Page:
Cuero re-enters Texas Main Street program

March 4, 2013 at 4:05 p.m.
Updated March 3, 2013 at 9:04 p.m.

After a more than 20-year absence, Cuero is back in the Texas Main Street Program.

Cuero was recertified for the program in October and officially re-entered in January, one of three towns in Texas selected for the program, said Cuero City Manager Raymie Zella.

Cuero was originally in the Main Street program from 1985-90. There are now 84 cities in the program.

Cuero has considerable downtown historic resources, and in the first few months back, leaders have shown passion and enthusiasm for the program, said Debra Farst, the program's state coordinator for the Texas Historical Commission.

One of those leaders is Cuero Main Street manager Bridgette Bise.

Bise worked as the executive director of the Victoria Convention and Visitors Bureau from August 2009 until June 2011.

She was hired in February 2012 as the city of Goliad's community and development coordinator, which included overseeing that city's Main Street program.

On Nov. 20, the Goliad City Council placed Bise on a 90-day performance improvement plan.

She resigned in January.

"We felt her 17 years of experience in related fields was the reason she was the best fit for Cuero," said Zella. "We are starting from scratch and felt Bridgette can come in and hit the ground running."

Bise will work under the direction of Cuero Development Corp. Executive Director Randall Malik.

"I believe that a vibrant downtown is critical to economic and community development," Malik said.

Zella, Malik, Cuero Mayor Sara Meyer and Charles Papacek, president of the Cuero Development board of directors, made up the search committee.

We sat down with Bise for a question and answer session on the Cuero Main Street program.

What attracted you to the position in Cuero?

I always felt Cuero was a missing piece for some marketing we could do for the Main Street communities along Highway 183, from Luling to Goliad. I thought it was a great idea for Cuero to be part of that. There's a Highway 183 corridor where we could do some cooperative marketing.

There's a lot of growth in Cuero. They have great leadership in the city offices and on council. There is a very strong mayor, and she and I have a lot of the same visions for what we'd like to see for downtown and for Main Street. I felt like it was a good fit.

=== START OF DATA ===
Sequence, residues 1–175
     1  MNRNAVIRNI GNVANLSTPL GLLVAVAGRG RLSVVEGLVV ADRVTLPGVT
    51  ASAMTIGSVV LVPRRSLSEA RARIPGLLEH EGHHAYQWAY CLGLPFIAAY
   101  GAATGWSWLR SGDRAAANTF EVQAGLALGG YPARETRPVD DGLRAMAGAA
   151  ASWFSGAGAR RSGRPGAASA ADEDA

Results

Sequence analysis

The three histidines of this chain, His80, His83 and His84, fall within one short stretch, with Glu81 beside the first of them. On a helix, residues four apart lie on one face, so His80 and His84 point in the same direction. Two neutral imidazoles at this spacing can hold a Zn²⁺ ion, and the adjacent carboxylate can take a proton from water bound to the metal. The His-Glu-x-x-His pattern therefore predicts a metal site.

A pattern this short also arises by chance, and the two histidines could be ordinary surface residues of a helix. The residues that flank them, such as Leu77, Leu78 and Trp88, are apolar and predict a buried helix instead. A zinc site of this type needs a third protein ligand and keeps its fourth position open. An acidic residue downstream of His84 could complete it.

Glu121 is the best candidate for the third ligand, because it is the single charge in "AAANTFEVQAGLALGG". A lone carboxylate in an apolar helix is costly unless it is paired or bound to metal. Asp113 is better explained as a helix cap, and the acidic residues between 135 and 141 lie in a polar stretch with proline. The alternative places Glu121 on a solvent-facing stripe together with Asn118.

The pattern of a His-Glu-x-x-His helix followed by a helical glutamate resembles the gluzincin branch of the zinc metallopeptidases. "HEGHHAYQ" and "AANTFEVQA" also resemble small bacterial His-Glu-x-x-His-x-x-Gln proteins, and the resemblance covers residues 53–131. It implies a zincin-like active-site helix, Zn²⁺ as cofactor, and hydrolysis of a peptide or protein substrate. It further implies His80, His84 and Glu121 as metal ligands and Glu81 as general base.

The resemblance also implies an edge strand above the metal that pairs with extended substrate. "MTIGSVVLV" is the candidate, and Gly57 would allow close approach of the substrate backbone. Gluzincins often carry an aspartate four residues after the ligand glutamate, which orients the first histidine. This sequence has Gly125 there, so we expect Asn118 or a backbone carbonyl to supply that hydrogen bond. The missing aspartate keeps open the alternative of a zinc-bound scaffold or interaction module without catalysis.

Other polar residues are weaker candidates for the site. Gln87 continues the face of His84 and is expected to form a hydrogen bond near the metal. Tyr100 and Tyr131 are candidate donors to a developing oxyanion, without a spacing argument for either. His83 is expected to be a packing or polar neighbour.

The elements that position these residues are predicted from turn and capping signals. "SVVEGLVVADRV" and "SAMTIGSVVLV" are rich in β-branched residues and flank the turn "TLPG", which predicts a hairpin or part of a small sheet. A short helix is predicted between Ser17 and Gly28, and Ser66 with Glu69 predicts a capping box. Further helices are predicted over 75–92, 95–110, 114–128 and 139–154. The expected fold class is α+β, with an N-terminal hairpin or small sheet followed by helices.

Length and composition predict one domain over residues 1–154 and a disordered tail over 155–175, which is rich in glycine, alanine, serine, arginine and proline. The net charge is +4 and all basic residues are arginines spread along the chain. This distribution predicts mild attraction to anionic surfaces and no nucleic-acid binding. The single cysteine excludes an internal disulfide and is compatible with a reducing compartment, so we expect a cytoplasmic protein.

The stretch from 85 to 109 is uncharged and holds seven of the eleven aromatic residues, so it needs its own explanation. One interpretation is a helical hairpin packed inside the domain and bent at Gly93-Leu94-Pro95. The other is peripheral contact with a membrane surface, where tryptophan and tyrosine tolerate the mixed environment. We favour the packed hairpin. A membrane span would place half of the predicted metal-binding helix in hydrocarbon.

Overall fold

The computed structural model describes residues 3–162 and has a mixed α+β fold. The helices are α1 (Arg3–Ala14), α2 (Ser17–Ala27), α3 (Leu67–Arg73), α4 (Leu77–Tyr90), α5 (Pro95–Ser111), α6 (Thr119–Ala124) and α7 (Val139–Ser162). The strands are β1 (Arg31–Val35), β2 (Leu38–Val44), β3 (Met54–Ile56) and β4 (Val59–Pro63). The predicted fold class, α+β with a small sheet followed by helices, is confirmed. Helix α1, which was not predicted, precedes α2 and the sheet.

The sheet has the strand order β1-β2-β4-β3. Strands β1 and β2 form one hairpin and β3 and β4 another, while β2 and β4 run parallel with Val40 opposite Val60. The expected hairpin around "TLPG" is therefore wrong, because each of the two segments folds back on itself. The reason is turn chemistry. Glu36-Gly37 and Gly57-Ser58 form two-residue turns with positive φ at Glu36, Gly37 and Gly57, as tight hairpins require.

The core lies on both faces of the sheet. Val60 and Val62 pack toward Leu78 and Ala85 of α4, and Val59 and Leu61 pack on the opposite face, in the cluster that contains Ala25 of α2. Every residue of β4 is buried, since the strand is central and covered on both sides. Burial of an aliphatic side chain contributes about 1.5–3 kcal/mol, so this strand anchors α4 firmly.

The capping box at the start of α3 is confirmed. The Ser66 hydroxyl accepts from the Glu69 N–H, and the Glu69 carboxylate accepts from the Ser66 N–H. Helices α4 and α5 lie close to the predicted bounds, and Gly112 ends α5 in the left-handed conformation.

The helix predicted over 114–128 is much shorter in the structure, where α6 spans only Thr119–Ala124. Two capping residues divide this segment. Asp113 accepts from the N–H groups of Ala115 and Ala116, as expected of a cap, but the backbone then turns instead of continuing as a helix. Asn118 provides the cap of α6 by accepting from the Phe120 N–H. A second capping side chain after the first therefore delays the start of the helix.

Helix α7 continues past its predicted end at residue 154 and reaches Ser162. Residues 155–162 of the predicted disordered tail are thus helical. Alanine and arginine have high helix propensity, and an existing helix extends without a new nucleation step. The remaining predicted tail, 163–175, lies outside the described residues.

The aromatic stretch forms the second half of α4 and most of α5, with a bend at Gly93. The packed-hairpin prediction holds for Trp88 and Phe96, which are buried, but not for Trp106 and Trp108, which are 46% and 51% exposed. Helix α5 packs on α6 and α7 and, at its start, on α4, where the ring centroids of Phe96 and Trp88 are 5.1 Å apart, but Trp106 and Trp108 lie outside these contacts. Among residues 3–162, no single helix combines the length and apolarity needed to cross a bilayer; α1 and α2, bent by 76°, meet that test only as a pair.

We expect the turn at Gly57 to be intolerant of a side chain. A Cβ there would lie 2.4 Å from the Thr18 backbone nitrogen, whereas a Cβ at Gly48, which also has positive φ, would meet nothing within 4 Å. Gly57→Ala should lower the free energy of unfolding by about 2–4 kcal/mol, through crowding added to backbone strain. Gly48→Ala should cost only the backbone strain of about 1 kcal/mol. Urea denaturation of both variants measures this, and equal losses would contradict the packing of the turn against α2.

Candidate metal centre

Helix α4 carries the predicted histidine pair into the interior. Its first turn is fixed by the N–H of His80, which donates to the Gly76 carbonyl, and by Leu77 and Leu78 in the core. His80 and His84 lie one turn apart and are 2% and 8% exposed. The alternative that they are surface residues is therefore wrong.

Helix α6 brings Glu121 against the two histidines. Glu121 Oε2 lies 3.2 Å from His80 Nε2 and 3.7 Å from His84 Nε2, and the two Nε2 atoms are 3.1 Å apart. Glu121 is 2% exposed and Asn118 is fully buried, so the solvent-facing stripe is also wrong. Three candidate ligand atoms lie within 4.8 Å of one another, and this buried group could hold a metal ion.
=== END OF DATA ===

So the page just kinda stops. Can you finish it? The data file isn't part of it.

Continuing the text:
How does your experience mesh with the Main Street program?

My 17 years of marketing experience are in tourism. I oversaw the Main Street program in Goliad and was on a Main Street board of directors in Oklahoma and helped get the Main Street program started in Victoria, where I was on the board.

What are Cuero's unique assets and unique challenges as they relate to the Main Street program?

We have some buildings that could use some rehab in downtown, and we have a lot of opportunities. We have several buildings that have already been redone and restored, and it's great to be able to see the before and after. Now that the city is behind this program, both financially and with the tools and opportunities for business owners to apply for grants for funding to do rehab on their buildings, it will help keep that engine moving toward keeping the heartbeat of downtown operating. That's where the heart of your community is - downtown.

What are the ultimate goals of the Main Street program? What do you hope to accomplish?

We will focus on the revitalization of the downtown area through marketing, events and historic preservation. The main focus the first few months will be on organization and infrastructure. A board has been selected. We're writing bylaws. We'll be making some committee appointments.

Anything else you'd like to add?

The resource team from the state will come in for three days and work with myself and board, business owners and community leaders on establishing goals and objectives. Our board members will have training in April.

The first two weeks here, I got out and met a lot of the downtown business owners and renters. Everyone is really excited about having the program and wants to see it succeed.

It's going to be great. There are a lot of positive things going on in Cuero.



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